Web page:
Purchasing a new binocular but which one?
Selecting and buying the right binocular really boils on on your budget!
Choosing which binocular to buy?
- binoculars are an inexpensive, perhaps essential, way to get started in astronomy.
- many people consider binoculars to be a necessity and will recommend learning the constellations and how to find night-sky objects first using binoculars before going out and buying a telescope.
- even when using a telescope, your star-gazing will be enhanced by the ease of use and wide field of view of having a good pair of binoculars with you!
- binoculars sold at sports stores or department stores aren’t suited for night-sky viewing.
Categories for Binoculars
- Astronomy is a demanding application for astronomy – the optics must be great or you will be disappointed with the results.
- for beginners – 7×50 and 10×50 binoculars are acceptable quality for astronomy.
- in the serious amateur range between £100-£300, 7×50 and 10×50 binoculars from Nikon, Fujinon, Celestron, and Carton Optics work well for astronomy.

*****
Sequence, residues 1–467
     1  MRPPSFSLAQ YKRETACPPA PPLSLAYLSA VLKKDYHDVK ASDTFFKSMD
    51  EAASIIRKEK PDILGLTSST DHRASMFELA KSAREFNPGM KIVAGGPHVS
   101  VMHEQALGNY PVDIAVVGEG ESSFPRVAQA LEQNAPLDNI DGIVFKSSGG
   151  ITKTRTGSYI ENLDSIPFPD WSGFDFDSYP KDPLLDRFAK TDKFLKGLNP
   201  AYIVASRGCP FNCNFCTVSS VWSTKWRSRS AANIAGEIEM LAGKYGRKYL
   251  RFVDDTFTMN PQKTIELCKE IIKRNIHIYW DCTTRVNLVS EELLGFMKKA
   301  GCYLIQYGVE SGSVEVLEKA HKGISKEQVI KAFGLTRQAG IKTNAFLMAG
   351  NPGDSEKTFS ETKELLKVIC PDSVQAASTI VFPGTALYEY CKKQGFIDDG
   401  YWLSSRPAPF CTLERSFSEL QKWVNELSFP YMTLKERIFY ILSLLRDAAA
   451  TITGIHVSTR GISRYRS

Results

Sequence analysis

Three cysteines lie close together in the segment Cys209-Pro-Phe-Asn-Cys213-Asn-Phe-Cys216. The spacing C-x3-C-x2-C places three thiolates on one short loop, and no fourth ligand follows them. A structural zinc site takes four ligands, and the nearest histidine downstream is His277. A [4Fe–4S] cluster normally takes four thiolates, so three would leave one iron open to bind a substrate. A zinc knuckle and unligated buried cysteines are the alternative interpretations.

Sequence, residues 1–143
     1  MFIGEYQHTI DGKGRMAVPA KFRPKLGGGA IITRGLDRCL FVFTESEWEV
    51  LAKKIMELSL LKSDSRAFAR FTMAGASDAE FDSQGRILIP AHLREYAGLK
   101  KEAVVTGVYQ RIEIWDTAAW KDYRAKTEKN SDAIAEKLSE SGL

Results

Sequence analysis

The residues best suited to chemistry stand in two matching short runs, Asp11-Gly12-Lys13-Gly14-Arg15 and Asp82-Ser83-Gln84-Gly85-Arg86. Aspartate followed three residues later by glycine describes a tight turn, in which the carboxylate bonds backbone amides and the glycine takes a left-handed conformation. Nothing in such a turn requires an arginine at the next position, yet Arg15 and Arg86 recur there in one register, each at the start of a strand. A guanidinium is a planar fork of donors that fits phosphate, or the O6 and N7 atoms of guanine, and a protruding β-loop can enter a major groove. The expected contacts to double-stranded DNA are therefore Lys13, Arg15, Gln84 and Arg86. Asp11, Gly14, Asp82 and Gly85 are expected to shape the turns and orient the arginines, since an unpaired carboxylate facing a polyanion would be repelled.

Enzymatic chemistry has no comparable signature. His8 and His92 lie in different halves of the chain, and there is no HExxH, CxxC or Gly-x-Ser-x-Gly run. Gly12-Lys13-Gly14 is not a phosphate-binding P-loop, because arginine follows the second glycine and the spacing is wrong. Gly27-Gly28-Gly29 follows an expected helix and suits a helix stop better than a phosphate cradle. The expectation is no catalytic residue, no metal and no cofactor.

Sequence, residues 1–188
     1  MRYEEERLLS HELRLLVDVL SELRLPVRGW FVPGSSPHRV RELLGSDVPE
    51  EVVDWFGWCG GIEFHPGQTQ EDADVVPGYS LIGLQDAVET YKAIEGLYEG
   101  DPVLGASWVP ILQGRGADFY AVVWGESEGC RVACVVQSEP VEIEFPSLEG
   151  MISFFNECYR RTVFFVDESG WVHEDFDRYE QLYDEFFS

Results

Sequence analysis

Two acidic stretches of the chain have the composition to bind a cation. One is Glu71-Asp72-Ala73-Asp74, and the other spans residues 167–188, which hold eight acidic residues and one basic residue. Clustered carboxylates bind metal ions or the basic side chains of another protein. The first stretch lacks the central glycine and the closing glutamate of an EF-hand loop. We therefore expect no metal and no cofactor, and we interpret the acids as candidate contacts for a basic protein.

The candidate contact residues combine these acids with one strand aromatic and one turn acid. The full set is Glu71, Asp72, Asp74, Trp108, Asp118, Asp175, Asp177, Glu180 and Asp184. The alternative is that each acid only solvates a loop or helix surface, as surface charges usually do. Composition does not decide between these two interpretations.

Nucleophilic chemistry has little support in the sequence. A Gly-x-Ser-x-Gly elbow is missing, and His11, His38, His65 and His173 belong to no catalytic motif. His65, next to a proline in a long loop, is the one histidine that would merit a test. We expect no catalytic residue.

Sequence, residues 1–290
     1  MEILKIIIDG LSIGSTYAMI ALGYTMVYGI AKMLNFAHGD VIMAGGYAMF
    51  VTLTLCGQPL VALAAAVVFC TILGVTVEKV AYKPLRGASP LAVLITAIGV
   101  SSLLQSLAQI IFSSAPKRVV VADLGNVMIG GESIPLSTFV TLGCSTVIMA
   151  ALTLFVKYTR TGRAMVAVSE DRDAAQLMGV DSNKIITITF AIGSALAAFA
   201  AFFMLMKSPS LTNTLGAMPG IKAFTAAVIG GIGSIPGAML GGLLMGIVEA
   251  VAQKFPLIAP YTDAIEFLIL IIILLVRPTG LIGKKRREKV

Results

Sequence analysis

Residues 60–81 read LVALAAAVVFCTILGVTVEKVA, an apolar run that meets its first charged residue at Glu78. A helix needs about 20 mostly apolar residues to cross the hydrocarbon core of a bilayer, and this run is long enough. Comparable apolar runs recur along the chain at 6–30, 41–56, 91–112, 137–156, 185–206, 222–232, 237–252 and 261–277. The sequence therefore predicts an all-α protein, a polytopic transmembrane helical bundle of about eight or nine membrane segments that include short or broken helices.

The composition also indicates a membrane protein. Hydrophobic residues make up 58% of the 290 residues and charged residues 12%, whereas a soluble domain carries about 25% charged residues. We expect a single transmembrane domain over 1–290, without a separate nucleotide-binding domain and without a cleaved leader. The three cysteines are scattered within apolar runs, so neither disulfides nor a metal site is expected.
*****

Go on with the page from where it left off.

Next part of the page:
- in the serious professional range of £500+, binoculars from Leica, Zeiss, Swarovski provide exceptional performance and quality.
- also in this range are giant binoculars and image-stablized (IS) binoculars from Canon and others.
All-around binoculars for astronomy
- either 7×50 or 10×50.
- 7×50 binoculars will give you an exit pupil of 7mm, which is the largest you want to use.
- 10×50 binoculars have a 5mm exit pupil, which is even better.
- if you are over 40 years old, your maximum dilated pupil size at night will probably be closer to 5mm.
- the smaller the exit pupil, the brighter the image will be, but the closer your eye must also be to the eyepiece, which can make them harder for some people to use.
- consider a 7×50 or 10×50, maybe 15×70 model – this will allow steady hand-holding without binocular shake
- spend at least £50 for acceptable-quality binoculars.
- get a model that will mount on a camera tripod – look for a threaded hole.
- get a tripod adapter, this is a low-cost way to stabilize your binoculars
- consider getting a pair of solar filters for viewing sunspots and other solar activity
- porro-prism type binoculars are generally better than roof-prism binoculars.
- don’t buy from a department or sports store – these are not suited for astronomy.
- don’t buy a fixed-focus or “perm-focus” model – these are not suited for astronomy.
- don’t buy zoom binoculars – optical quality is compromised to keep costs down. (photo)
- don’t buy the compact, roof-prism type of binoculars. (photo)
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